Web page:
March 23, 2019
In the 1970s the Sex Pistols' Sid Vicious, among various other rock icons, wore a swastika as a "rebellious" provocation to the square community and the establishment.
Although controversial, even back then, (The Clash refused to let anyone wearing a swastika play their instruments at punk festivals, for example) it was largely understood to be an invoking of deliberate shock value aimed towards authority, elitists, upper-crust society etc. and not an attempt to terrorize or ostracize Jewish people.
Be that as it may, it still remains a sharply criticized facet of punk history. Handsome Dick Manitoba of 'The Dictators' recently spoke of The Rolling Stones and other Rock and Punk bands on a Sirius XM radio monologue.
Manitoba ardently reassured listeners that he understood the purpose and intention of rock bands embracing and exhibiting shock value and dark humor, but attested that there are some things that are just "one step too far", even if sarcastically wearing a swastika wasn't meant to actually hurt anyone--according to the wearers.
There was, however, an unintended consequence to punk bands brandishing Nazi insignia to shock audiences and the establishment alike... actual Neo-Nazis started showing up.
The National Front in Britain tried to recruit young punks because they were displaying the swastika. Punk saw the emergence of neo-fascist rock bands, who saw punk rockers' use of the insignia as a calling to initiate sub-cultural mingling.
Apparently they never got the memo that Sid Vicious and Malcom McLaren weren't being serious when they were sporting the swastika.
Punk as a whole steadfastly rejected the infiltration of neo-fascists. Resounding through the succeeding decades, Jello Biafra's famous adage "Nazi-Punks Fuck Off" could be heard ringing throughout future generations; generations that were poised to endure frequent clashes with neo-nazis.
There had to be a moment's pause, a reflection, an inquiry, self-examination: We're not exactly sure what this punk rock stuff is, but we sure the hell know what it's not.
Defining 'Punk' seems to be, in itself, a contradiction to punk, but if the sub-culture could collectively sign an 'excommunication' to the neo-fascists, then there must've been a framework to what it represents.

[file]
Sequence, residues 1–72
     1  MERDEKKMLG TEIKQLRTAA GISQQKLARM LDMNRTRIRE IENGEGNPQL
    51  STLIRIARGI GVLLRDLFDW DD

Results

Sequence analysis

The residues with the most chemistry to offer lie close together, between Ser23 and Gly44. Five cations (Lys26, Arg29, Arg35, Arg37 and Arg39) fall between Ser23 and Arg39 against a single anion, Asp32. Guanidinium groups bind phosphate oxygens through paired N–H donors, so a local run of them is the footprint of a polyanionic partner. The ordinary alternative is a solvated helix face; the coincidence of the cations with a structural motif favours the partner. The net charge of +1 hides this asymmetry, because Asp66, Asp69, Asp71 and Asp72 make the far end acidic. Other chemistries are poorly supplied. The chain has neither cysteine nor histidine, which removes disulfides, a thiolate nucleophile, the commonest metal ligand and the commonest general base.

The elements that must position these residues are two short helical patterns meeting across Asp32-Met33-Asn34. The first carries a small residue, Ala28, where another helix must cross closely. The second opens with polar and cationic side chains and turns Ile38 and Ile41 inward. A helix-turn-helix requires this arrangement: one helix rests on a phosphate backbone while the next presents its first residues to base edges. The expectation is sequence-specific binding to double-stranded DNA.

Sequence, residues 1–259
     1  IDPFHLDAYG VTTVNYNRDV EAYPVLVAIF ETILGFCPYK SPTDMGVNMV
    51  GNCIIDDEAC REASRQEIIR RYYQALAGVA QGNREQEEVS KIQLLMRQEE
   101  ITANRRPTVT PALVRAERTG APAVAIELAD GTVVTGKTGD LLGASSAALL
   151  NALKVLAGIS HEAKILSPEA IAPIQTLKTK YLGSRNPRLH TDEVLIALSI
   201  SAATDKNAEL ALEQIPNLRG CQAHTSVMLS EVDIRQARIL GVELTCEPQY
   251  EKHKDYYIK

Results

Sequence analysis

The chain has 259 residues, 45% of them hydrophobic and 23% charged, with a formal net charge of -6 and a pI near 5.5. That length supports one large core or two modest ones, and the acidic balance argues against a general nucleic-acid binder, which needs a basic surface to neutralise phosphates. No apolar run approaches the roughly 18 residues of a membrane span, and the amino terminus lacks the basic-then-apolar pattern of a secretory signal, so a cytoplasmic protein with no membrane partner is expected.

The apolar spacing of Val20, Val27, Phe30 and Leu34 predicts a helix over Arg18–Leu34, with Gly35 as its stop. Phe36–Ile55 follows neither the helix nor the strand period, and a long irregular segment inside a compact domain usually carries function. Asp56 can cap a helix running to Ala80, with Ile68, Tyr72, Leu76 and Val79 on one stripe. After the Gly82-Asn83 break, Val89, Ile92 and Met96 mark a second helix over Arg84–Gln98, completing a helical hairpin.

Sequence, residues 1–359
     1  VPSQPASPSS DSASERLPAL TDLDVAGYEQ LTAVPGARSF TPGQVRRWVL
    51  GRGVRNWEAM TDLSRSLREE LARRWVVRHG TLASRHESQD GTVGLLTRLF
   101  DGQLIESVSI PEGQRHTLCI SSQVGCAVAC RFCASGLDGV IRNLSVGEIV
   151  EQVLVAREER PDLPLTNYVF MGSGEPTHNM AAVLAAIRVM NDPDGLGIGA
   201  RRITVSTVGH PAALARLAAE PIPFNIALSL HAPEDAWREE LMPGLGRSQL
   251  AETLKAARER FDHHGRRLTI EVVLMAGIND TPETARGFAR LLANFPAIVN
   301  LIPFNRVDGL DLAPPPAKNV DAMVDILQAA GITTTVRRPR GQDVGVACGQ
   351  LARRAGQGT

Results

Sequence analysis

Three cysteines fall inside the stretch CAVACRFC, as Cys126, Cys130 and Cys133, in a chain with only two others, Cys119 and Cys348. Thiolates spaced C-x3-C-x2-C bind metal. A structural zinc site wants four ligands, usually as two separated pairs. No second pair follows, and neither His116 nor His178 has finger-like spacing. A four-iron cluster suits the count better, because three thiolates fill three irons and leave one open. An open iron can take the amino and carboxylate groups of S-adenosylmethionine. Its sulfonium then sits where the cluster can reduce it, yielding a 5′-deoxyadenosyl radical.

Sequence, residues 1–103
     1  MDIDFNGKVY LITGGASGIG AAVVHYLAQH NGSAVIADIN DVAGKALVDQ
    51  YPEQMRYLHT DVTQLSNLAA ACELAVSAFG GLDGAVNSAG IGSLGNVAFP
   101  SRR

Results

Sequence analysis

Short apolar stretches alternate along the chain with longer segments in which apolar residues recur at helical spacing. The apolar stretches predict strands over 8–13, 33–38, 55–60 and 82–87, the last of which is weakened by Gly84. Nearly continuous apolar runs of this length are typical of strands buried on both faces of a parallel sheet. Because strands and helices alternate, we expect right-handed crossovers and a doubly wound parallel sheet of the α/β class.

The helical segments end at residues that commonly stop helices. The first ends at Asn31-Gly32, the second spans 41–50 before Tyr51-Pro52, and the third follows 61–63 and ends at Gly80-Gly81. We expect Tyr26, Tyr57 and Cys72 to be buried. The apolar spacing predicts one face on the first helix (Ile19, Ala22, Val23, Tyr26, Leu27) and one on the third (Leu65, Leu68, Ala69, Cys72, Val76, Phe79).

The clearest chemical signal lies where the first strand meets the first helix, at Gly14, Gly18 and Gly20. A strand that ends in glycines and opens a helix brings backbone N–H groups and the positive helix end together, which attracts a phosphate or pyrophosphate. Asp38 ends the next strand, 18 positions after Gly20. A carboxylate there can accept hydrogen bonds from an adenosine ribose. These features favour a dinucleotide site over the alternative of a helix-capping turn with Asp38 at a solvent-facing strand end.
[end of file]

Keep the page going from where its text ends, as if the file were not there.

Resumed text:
What's the purpose? What are the goals? What is this new and terrifying teenage rebellion that polite society would deem an 'infestation comparable to the plague?'
Punk was never designed to be a solution to anything (perhaps maybe to boredom?)
Punk was a complaint, an accidental social critique, a protest that lent voice to the disenfranchised youth who found themselves situated in the middle of a long abandoned railway; where one side of the track was 'No Future' and the other side was 'No Hope'.
At its core Punk was always Libertarian; but not in the sense of a political party or a neatly penned political philosophy. Rather, more fundamentally, like an assessment: that if a ruler could bestow upon its subjects great luxuries then so too could it unleash upon them great tragedy and misfortune. And there must be, in punk ethos, resistance to that.
Punk, in short, is about freedom and rebellion.
There is a myriad of social issues that are of concern to the modern punk scene. Whether the punks are feminists, anarcho-communists, Ancaps, free market libertarians, or aging hippies that had to face the painful and sorrowful realization that 'peace, love and happiness' was never going to save the world, the sub-culture has one thing in common...
At the end of the day, politics really only boils down to two main components; Libertarian and Authoritarian.
Punk rock was, is, and always must be, Libertarian.
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